California man convicted on terror charges files appeal
Hamid Hayat, who was sentenced to 24 years in prison in 2006 for involving in terrorist activities, has mounted a broad assault on his conviction and challenged the ruling.
Thirty-one-year-old Hayat allegedly attended a terrorist training camp in Pakistan and returned to the U. S. to await orders from terrorist group al-Qaida for an attack. His father was also accused of concealing Hayat's activities but those charges were dropped after jurors failed to reach a verdict.
Hayat, a resident of Lodi, Calif., now argues that his lawyer did not adequately represent him during his trial in Sacramento federal court in 2006. He was sent to jail after a jury found him guilty of one charge of providing support to terrorism and two counts of lying to federal investigators about his training at a Pakistan-based terrorist camp.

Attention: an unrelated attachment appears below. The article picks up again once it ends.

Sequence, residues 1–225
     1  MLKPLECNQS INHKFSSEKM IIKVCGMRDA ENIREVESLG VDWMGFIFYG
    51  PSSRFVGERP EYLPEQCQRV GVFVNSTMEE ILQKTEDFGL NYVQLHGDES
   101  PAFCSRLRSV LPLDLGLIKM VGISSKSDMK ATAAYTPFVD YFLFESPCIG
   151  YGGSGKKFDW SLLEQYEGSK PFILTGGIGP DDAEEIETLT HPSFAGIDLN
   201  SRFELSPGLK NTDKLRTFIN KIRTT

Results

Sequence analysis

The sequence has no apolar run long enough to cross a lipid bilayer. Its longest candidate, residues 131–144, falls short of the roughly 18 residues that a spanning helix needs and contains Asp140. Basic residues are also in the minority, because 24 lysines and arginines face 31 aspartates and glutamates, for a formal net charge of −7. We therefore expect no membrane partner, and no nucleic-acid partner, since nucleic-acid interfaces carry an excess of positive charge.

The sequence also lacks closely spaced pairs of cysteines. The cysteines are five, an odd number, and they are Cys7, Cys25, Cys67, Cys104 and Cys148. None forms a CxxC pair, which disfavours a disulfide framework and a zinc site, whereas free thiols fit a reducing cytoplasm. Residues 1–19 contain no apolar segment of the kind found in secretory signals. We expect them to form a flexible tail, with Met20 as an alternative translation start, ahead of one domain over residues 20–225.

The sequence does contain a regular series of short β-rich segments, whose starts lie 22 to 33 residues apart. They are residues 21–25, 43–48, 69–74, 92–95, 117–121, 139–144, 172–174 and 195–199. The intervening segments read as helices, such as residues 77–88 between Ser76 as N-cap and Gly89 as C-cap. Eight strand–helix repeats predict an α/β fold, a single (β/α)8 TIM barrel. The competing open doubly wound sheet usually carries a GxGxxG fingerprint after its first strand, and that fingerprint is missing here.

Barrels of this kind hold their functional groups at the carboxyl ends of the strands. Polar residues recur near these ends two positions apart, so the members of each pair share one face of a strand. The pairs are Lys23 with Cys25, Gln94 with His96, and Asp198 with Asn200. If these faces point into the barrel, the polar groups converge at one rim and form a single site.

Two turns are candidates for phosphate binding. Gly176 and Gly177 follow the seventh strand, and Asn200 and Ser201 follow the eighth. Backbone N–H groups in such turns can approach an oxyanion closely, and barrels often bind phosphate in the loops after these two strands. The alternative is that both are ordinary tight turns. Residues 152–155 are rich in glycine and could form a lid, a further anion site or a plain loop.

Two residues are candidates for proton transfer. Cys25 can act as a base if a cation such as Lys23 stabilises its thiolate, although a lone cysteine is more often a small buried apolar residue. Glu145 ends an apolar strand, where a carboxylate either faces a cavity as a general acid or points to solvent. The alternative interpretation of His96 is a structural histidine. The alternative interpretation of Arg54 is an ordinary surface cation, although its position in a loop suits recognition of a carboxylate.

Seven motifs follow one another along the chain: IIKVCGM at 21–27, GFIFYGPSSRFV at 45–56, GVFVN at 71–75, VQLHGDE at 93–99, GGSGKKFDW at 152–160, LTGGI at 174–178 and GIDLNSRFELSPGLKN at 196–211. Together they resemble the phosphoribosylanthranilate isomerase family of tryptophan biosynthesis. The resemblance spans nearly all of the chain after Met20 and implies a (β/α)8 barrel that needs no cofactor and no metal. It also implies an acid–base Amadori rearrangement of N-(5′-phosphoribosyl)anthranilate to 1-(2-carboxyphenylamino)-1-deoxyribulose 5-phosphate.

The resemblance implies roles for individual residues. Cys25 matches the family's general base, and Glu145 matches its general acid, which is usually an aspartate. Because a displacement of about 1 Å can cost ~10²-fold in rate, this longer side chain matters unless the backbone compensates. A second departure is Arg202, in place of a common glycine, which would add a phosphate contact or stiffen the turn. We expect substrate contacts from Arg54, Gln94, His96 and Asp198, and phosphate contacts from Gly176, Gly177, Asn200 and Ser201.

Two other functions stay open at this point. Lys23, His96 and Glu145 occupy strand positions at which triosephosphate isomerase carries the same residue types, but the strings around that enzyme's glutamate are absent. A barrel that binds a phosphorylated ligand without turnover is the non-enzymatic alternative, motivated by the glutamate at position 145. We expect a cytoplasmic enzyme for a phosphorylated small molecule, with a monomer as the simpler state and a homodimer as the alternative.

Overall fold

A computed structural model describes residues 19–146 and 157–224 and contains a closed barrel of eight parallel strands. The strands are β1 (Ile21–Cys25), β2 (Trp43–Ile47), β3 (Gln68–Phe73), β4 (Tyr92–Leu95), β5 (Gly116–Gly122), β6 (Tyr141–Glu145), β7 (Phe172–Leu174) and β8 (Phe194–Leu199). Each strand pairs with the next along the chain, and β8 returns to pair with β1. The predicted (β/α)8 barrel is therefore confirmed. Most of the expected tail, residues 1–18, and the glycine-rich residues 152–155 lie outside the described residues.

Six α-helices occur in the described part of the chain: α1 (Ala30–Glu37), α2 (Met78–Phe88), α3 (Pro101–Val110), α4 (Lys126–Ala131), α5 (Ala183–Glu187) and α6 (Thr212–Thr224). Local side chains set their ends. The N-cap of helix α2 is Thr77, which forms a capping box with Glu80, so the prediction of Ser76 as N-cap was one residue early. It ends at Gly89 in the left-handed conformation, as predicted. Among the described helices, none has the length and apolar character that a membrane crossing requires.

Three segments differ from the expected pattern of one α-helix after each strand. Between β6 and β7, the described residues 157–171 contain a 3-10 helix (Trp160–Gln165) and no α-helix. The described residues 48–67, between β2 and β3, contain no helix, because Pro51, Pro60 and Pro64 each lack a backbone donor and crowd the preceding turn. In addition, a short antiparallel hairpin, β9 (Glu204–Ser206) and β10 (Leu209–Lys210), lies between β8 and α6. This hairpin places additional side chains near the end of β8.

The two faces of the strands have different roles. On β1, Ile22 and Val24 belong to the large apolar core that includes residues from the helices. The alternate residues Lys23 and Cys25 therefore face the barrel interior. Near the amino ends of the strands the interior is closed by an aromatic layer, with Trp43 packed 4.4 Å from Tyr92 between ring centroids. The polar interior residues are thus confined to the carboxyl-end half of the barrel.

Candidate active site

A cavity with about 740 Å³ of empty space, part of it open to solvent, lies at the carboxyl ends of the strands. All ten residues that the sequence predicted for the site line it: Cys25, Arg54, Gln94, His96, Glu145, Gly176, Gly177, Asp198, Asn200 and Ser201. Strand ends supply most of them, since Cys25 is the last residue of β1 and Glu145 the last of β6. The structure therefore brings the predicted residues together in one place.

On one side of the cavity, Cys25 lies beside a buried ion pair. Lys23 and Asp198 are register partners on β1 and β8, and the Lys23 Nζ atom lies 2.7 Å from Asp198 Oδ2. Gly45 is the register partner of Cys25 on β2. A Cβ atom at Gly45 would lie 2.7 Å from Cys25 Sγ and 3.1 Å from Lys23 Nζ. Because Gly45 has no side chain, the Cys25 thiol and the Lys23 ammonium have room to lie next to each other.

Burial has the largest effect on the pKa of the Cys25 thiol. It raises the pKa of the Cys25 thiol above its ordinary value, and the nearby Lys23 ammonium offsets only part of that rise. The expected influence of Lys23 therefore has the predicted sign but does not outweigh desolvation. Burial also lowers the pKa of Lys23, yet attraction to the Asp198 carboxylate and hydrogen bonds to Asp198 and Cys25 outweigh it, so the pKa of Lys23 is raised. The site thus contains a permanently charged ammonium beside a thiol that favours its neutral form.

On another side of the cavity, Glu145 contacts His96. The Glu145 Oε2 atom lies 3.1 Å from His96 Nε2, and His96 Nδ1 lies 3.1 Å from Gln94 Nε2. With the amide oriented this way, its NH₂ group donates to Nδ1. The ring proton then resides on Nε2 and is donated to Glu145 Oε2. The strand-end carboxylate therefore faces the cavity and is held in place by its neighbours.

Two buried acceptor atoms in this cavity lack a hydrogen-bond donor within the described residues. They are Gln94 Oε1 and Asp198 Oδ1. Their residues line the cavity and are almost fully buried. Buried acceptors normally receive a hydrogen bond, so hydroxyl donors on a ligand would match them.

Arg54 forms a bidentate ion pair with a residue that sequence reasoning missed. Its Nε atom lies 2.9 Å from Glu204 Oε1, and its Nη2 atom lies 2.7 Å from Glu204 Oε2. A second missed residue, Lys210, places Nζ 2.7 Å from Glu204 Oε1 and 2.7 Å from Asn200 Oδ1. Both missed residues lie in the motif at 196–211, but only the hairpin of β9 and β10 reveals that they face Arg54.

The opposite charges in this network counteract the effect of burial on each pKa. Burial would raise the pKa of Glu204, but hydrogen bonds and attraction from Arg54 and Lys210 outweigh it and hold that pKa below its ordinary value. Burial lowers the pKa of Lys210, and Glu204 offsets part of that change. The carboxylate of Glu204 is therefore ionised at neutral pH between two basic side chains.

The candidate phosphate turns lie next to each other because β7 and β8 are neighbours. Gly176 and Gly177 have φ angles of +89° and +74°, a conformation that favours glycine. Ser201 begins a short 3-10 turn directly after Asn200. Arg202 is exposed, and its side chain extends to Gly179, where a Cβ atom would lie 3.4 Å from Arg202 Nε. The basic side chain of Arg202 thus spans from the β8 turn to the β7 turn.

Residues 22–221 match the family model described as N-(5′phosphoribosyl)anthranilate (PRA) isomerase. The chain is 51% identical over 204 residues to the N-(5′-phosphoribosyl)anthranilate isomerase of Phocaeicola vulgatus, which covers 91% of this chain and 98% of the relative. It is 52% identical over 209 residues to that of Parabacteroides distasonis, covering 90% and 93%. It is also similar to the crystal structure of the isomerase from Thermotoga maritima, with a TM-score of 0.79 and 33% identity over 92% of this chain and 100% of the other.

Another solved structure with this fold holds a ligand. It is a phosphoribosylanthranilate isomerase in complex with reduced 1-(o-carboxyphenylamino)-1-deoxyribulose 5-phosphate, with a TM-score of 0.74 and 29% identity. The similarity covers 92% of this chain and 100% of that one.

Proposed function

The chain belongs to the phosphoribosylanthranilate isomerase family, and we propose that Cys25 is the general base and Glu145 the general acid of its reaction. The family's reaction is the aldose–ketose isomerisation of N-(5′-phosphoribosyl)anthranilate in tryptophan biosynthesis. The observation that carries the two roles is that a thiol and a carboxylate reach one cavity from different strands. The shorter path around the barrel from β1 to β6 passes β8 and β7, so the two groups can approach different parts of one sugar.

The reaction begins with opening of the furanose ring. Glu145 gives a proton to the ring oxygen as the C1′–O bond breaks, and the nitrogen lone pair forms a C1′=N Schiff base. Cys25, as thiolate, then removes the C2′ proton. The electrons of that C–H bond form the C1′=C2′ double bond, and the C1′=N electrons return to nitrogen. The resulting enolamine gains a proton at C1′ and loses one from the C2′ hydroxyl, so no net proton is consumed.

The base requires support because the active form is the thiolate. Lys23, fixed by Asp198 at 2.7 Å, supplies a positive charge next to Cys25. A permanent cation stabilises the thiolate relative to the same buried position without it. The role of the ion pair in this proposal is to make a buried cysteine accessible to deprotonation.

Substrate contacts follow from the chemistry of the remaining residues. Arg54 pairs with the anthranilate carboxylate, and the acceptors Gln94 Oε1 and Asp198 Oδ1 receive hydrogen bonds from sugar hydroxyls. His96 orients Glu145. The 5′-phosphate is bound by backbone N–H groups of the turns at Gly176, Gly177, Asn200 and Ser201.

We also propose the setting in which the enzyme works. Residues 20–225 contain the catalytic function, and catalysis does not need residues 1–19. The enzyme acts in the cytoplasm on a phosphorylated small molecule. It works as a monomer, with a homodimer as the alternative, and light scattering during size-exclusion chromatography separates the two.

Prosecutors had collected secret information about Hayat and his organization's alleged terrorist plans through an informant in wake of 9/11 attack. The FBI paid the informant nearly $230,000 in three years to infiltrate a mosque and record conversations with imams and worshippers to help police know their potential plans. The attempt was part of police's efforts to prevent another terrorism attack.
While his case in 2006 was his lawyer's first criminal case, his new legal team is headed by experienced Dennis Riordan, the same lawyer who is handling renowned baseball player Barry Bonds' appeal. His new legal team argues that Hayat experienced lawyers and private investigators would have proven his innocence.
Last month, a federal magistrate ordered federal prosecutors to respond to Hayat's plea to capsize his conviction. Federal prosecutors have sixty days to respond.
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